Weary Houstonians Turn to God: People Flock to Church Services One Week After Harvey’s Destruction Began

The sanctuary was full and people poured into the lobby during the 11:15 a.m. service at Fifth Ward Church of Christ Sept. 3, 2017, in Houston. (Photo: Larry McCormack, The Tennessean)

Last Sunday, Hurricane Harvey was lashing Southeast Texas and dropping a flood of unimaginable proportions on the Greater Houston area.

This Sunday, exhausted Houstonians, many of whom lost all their worldly possessions to Harvey’s wrath poured into churches throughout the region.

At Christ Church Cathedral in downtown Houston, the Rev. Barkley Thompson rallied his congregation to action from the pulpit by likening the city’s tribulations with those of Moses.

“Forty-two thousand are presently housed in shelters across this city and state. Forty people have died. Rockport was devastated. Beaumont drowned. One runs out of superlative adjectives to describe things — and then one simply runs out of the energy to speak at all,” Thompson said during his homily.

The Episcopal church enlisted attendees to sign up and volunteer to feed the homeless, provide temporary housing, help with home cleanups, and host neighborhood potluck dinners.

Established in 1839, Christ Church Cathedral was the first religious congregation in Houston and the second Episcopal parish in the Republic of Texas.

The church operates The Beacon, which typically dishes out 300 daily free lunches to downtown homeless people, five days per week.

City officials and the Houston Coalition for the Homeless asked The Beacon to start serving three meals daily from Sunday through Sept. 15 in Harvey’s wake, Thompson said.

South Main Baptist Church also donated 300 pairs of new shoes Friday to The Beacon so the homeless could trade in waterlogged, ruined footwear, he said.

Christ Church Cathedral has established an Uber account for parishioners who lost their vehicles to floods. The church also set up a list of parish attorneys to offer pro bono assistance for insurance or Federal Emergency Management Agency paperwork.

‘We are going to get through this together’

At Holy Name Catholic Church, a predominantly African-American congregation in Baytown, Texas, many of the parishioners watched their homes flood during Hurricane Harvey. Even the church rectory flooded, and for days after the storm passed the neighborhood around the church was accessible only by boat.

But Sunday, there seemed to be an agreement among the leaders and members of the church to downplay the damage. Some of them lost all of their possessions. But they knew others in the Houston area had lost far more.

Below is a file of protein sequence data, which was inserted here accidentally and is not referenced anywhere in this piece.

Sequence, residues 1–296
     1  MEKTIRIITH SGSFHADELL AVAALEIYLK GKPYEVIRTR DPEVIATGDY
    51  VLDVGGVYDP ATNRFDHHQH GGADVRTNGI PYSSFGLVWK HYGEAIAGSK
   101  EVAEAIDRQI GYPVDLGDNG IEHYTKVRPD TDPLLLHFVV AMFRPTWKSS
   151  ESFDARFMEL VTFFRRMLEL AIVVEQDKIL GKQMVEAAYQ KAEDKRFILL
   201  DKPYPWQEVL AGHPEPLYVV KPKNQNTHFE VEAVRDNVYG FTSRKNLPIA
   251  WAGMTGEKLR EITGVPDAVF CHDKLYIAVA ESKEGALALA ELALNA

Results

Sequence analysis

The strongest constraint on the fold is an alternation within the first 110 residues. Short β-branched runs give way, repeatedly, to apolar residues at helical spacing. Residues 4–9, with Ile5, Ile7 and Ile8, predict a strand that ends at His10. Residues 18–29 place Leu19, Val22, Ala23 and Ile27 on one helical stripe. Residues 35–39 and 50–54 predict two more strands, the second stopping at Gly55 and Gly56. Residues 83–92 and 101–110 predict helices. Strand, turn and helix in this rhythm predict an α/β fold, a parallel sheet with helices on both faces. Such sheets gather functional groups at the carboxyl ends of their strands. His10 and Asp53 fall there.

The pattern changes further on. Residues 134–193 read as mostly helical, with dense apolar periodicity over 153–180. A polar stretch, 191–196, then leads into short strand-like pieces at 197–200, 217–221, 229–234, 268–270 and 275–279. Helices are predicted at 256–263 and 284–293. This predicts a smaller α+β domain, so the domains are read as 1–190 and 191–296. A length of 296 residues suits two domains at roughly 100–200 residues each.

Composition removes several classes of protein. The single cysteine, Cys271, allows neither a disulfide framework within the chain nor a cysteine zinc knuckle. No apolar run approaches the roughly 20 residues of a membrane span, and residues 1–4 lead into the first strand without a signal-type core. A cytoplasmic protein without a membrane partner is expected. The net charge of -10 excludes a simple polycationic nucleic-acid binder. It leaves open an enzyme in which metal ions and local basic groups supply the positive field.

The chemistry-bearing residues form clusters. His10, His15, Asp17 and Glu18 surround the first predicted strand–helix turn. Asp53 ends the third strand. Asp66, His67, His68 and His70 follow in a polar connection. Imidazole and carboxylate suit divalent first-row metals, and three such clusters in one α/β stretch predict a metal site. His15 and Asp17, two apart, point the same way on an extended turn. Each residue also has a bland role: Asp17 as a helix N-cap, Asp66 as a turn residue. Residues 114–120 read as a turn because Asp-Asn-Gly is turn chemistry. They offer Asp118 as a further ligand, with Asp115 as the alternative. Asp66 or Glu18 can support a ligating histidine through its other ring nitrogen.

“My house? We got flooded, but it wasn’t that bad,” said Mary Norman, 68, of Baytown. “I only got four inches of water inside the house. But other people in my neighborhood had water running over their roofs.”

To find out how people were really doing, sometimes it helped to ask their neighbors.

“I know, Mary Norman will tell you she didn’t get very much damage,” said Kenneth Thomas, a fellow church member. “But you should see her house. It’s bad. I don’t know how she’s going to recover from that.”

The Rev. Nixon Mullah’s service on Sunday stuck to the normal schedule of homilies for Catholic churches across the country. He spoke about the importance of eschewing the flashy comforts of this world, and instead waking up every morning and making the hard decision to be good.

Everyone in the church knew that Mullah’s home, in the church rectory, had been flooded by knee-high water. They knew he’d been cut off from his congregation for days, with no phone service and his church accessible to the outside world only by boat.

They already knew, Mullah said, so he saw no reason to remind them. Better, then, to focus on eternal love rather than these passing pains.

“We are already living in the storm. What can I add or subtract from that?” Mullah said. “So I thought what I can do instead is to spread the message of hope. We have a wonderful community here, and we are going to get through his together.”

Lilly Auzenne’s house in Baytown was flooded last year and it took her six months and $24,000 to rebuild, she said, replacing the floors, carpets and sections of walls.

She moved back into her house two months before Harvey made landfall. The water seeped in first through the front door, then through the back. It destroyed her brand-new carpet and all her furniture, again.

“Oh, I know I’m going to be fine,” said Auzenne, 80, as she pointed her finger to the ceiling of the church hall. “I talk to God all the time.”

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